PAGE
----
Zero-Day Malware Poses a Growing Threat

For much of the general public, including the enterprise world, security protection is synonymous with antivirus software. Security professionals, by contrast, have long understood that this applied to only one layer of protection and was by no means the most crucial. Indeed, the security community looks first to other defenses, such as keeping software security patches up to date.

But conventional antivirus software now faces another challenge. A recent WatchGuard study found that nearly one-third of malware attacks involve zero-day exploits — that is, previously unknown vulnerabilities that cannot be detected by traditional, signature-matching antivirus solutions.

The Zenith of Zero-Day Malware

According to InfoWorld, an analysis of one security firm’s client base for the fourth quarter of 2016 found that while conventional signature-based antivirus software identified 8.96 million attacking malware variants, more powerful behavioral tools caught an additional 3.86 million zero-day variants, or just over 30 percent of the combined total.

Behind the surge of zero-day threats is the growing technical sophistication of malware distributors, who can now more easily introduce slight modifications into the malware they deploy — often just enough to elude legacy antivirus solutions. “Nowadays, malware threat actors can morph or change their malware to make it look slightly different,” explained Corey Nachreiner of WatchGuard Technologies, as quoted by InfoWorld. Traditional antivirus software is signature-based, meaning that it looks for specific patterns that match the known code of previously identified attackers.

But these tools cannot identify malware that does not fit an established pattern or signature. A newer generation of behavioral antivirus technology, with roots in big data analytics and artificial intelligence, looks not for specific signatures but for broader suspicious patterns.

The ongoing technology battle between cybercriminals and the security community has not rendered legacy antivirus tools wholly ineffectual, however. Nearly 70 percent of detected malware from the WatchGuard study was not exploiting zero-day vulnerabilities, and every attack blocked is a plus. But, now more than ever, conventional antivirus tools are incomplete security solutions.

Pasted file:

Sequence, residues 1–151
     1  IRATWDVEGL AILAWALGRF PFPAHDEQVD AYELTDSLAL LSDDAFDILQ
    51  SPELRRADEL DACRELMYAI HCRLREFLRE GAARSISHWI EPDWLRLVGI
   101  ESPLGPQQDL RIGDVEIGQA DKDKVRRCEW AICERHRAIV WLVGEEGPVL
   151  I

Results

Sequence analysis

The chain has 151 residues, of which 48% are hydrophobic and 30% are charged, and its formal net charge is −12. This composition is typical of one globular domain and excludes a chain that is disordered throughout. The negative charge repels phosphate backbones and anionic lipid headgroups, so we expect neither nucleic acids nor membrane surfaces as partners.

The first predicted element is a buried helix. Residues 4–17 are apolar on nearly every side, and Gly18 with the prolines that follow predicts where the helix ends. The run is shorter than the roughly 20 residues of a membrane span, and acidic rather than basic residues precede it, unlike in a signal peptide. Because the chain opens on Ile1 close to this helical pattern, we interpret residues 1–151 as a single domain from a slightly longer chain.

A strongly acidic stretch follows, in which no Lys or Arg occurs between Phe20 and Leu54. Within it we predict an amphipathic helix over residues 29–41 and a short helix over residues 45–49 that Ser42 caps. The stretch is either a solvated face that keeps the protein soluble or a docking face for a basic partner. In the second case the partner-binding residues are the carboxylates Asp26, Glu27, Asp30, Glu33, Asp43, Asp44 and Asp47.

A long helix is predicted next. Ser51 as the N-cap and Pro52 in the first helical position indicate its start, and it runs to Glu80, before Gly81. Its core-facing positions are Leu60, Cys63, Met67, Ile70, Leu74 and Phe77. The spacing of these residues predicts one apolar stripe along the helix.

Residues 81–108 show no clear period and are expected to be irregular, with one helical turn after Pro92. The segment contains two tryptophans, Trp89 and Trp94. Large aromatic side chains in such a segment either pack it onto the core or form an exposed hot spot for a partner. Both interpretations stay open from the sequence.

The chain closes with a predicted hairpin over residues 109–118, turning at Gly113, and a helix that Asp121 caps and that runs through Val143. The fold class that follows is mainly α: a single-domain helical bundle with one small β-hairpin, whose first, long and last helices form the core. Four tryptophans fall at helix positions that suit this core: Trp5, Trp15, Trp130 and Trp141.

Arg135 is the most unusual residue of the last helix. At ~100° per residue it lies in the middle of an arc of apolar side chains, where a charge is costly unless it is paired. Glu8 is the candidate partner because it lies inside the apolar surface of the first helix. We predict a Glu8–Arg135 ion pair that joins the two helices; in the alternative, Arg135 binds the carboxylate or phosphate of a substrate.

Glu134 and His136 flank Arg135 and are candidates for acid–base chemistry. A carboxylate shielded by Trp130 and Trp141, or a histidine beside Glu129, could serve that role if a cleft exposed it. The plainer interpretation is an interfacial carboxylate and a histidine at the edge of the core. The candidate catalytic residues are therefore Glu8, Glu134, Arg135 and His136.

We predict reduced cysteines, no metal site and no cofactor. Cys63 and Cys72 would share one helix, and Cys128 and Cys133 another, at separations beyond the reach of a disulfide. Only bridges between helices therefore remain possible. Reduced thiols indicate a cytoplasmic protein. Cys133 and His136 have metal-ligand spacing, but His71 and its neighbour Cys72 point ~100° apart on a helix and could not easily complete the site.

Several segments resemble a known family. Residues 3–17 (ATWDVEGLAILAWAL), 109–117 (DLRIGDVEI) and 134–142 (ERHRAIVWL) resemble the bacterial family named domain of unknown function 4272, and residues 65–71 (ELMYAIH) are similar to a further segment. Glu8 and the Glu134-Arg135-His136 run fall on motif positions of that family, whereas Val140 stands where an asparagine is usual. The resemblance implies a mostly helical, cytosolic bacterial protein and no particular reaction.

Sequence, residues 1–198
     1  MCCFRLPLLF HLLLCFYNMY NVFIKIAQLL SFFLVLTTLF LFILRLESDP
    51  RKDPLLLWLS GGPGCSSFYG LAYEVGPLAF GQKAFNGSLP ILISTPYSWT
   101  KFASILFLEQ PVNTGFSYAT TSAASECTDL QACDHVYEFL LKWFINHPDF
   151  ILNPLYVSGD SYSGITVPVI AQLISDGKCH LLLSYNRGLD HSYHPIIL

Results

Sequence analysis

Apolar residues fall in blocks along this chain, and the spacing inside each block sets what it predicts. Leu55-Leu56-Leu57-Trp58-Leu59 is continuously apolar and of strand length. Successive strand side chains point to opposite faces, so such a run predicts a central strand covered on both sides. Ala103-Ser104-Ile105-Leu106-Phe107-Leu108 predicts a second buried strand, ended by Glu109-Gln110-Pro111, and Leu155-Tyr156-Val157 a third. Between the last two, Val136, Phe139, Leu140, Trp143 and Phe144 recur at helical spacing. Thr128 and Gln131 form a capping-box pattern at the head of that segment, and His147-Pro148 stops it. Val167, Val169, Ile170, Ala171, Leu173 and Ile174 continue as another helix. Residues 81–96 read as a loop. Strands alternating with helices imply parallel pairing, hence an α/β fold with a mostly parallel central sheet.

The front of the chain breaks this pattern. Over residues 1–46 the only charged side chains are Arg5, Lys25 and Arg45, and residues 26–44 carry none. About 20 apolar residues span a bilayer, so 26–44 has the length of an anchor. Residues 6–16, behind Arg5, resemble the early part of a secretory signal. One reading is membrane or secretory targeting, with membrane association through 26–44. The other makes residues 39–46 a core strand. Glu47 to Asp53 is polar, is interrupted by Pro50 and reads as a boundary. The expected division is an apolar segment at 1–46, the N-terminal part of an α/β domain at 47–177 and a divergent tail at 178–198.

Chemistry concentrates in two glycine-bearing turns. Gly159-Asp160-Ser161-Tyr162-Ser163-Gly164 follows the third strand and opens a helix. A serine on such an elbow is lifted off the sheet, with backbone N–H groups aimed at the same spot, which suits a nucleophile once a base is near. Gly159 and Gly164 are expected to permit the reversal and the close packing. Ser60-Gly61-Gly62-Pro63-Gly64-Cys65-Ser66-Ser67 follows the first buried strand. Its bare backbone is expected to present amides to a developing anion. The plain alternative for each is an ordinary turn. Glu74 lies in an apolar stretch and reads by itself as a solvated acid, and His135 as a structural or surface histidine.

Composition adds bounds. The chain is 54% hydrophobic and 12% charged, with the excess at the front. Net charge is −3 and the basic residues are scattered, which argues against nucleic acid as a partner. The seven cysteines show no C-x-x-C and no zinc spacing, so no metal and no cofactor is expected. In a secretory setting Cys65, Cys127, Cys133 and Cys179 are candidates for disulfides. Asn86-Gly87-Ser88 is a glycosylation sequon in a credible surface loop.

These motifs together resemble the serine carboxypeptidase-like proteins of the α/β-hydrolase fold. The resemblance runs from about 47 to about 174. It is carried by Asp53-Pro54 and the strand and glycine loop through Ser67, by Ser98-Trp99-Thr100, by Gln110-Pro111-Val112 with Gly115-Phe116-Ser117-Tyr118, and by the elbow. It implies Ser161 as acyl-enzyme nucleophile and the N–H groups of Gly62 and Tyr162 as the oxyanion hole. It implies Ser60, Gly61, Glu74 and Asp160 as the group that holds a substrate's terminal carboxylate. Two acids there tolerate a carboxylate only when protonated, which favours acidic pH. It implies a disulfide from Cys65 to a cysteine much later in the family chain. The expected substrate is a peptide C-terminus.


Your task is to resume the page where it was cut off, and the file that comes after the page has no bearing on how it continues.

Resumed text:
What’s Old Is New Again

The study also identified other notable trends in current malware attacks. All of the top 10 exploit patterns involved web-based attacks aimed at servers, network services or browsers. Browser attacks were most numerous of all, accounting for nearly three-quarters (73 percent) of hits from the top exploits.

Linux Trojans, designed to turn Linux machines into zombies, were the leading class of exploit, closely followed by droppers used to deliver ransomware and banking Trojans.

Even as attackers increasingly adopt the latest technology, some old techniques are coming back into fashion, such as malicious macros in Word documents. Nachreiner noted that this technique is “as old school as you can get,” adding that such attacks “disappeared for decades, but they’ve come back, and we can confirm that we’re blocking a whole bunch of macro-based malware.”

The renewed popularity of malicious Word macros is due partly to their common distribution as email attachments, which allows fraudsters to bypass standard network defenses. Furthermore, many users no longer regard Word documents as potential threats, even when documents are coming from uncertain sources.

In the world of malware attacks and other security threats, not only is new technology being brought to bear, but everything old is new again.

Read the IBM X-Force research report: Beware of older cyber attacks

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Rick Robinson is a writer and blogger, with a current 'day job' focus on the tech industry and a particular interest in the interplay of tech-driven factors and business considerations - think of the relationship between virtualization and cloud computing. Rick also blogs at Rocketpunk Manifesto on outer space, possible futures, speculative technology, and speculative literature. He has also had print articles published on aviation and military history.